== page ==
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History Of The Pear

There is convincing archaeological evidence from excavations of the ancient lake dwellers in Switzerland that the European pear, Pyrus communis L., was known to the civilization. It is believed that the pear was known to prehistoric humans, but there is no agreement on whether the apple came first or the pear. The ancient European tree is basically different from the Asian pear tree, Prunus pyrifolia.

The English record shows that in 1629 "the pearl was shipped by the Massachusetts Company to the colonists of New England" for planting and growing into a tree in Plymouth, MA.

On March 30, 1763, the famous American, George Mason, entered his extensive garden journal: "recommending 10 black pears from Worchester from Collo ... this is a large (coarse) fruit for baking" and a variety of French pears.

Fort Frederica on Saint Simons Island, Georgia, was founded by the British invaders in 1733, at the same time the city of Savannah was completed. To enable settlers to preserve their own food reserves, a plan was developed by General Oglethorpe to introduce trees and plants to grow in both temperate and subtropical climates that would prove valuable for future and fruit and vegetable gardens in the Georgia. This objective was reported by William Bartram in his book Travels, published in 1773, 40 years later. John Bartram, the father and traveling companion of William Bartram, made his research trips to East Florida, Carolina, and Georgia partly to investigate the sources and inventories of the Spanish left for the Spanish as a colonial takeover.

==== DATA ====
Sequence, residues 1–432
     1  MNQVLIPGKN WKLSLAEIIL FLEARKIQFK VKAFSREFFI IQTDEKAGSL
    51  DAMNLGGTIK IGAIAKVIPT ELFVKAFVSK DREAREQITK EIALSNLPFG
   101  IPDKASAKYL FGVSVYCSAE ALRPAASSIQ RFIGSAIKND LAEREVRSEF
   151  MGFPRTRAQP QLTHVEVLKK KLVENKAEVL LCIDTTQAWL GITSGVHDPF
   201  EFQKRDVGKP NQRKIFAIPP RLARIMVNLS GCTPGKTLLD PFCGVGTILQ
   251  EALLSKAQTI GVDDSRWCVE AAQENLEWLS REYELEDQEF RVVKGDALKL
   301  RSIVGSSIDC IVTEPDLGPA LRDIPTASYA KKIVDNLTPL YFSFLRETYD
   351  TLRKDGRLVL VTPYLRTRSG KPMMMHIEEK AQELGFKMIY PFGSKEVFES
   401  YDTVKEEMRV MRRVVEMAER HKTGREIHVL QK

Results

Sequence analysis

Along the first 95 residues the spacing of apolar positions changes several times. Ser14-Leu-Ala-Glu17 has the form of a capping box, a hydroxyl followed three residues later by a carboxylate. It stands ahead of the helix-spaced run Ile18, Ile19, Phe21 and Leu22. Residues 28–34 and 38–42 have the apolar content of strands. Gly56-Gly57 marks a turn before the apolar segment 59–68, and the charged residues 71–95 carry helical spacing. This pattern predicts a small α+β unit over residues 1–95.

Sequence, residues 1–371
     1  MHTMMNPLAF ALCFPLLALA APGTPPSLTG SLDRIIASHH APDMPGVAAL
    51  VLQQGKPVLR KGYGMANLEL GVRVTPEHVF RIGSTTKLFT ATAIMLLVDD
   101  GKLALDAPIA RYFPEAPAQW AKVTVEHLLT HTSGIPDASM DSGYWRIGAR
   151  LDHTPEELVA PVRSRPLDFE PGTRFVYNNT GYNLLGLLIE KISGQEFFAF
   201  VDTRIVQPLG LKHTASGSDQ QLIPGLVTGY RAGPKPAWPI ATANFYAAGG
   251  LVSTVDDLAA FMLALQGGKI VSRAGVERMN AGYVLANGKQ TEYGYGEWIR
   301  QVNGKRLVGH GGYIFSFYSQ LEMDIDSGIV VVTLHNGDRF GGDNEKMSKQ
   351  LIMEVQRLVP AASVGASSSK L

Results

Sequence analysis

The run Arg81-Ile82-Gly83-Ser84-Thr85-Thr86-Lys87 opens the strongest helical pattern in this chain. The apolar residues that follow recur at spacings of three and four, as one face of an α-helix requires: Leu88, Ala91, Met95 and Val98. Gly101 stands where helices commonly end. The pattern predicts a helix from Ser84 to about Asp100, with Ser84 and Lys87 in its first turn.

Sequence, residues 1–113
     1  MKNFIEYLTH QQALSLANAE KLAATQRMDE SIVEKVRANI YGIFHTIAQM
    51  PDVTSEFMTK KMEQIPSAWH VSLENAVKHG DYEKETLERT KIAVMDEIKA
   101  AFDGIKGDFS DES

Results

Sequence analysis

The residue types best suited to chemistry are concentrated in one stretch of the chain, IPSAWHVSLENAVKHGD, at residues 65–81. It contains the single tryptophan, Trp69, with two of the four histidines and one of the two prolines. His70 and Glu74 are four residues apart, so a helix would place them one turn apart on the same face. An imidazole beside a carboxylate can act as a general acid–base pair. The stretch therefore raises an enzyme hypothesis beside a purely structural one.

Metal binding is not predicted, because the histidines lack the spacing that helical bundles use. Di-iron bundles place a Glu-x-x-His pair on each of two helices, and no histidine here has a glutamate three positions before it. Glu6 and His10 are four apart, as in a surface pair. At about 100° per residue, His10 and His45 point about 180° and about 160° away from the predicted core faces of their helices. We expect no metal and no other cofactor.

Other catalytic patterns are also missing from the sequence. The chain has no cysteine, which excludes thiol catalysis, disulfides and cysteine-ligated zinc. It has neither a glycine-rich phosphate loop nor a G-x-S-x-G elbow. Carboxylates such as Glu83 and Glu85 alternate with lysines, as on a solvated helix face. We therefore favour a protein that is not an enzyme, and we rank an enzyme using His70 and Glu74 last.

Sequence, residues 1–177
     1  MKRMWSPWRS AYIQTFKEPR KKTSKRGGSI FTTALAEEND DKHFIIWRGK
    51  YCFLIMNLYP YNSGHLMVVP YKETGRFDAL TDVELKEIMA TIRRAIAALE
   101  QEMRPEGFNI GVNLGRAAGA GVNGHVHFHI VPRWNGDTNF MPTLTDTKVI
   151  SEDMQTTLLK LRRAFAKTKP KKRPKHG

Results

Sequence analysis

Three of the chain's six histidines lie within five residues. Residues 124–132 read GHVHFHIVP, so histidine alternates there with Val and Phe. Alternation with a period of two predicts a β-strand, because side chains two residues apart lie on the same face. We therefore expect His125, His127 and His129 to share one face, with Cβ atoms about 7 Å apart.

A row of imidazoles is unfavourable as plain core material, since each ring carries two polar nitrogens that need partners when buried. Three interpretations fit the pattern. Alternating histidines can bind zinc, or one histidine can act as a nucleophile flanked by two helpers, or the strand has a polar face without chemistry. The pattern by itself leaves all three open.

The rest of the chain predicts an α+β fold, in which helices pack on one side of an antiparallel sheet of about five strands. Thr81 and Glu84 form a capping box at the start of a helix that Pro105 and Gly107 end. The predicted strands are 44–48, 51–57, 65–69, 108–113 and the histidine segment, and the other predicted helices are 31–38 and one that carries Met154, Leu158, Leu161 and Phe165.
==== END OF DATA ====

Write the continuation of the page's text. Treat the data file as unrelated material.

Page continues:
Prince's nursery was established as the first American natural park to collect, grow, and sell plants and trees in Flushing, New York in 1737, Prince's nursery advertised "42 pear trees for sale in 1771."

John Bartram planted the pear tree in 1793, and the old tree grew and bore fruit until 1933.

The great American botanist and author of the botanist and author of 12 books of his epic and monumental book on his observation on plant development over the years by Luther Burbank states that in essence, there are two lines of genetic pear that he and others have used to enhance the commercial quality of the tree pears and fruit. European pear, Pyrus communis L., Asian pear, Pyrus pyrifolia, also known as Korean pear, Japanese pear tree, Chinese pear tree, and Taiwan pear tree. It has been adjusted to re-combine genes to filter out complex character mixtures that are expected to produce superior results.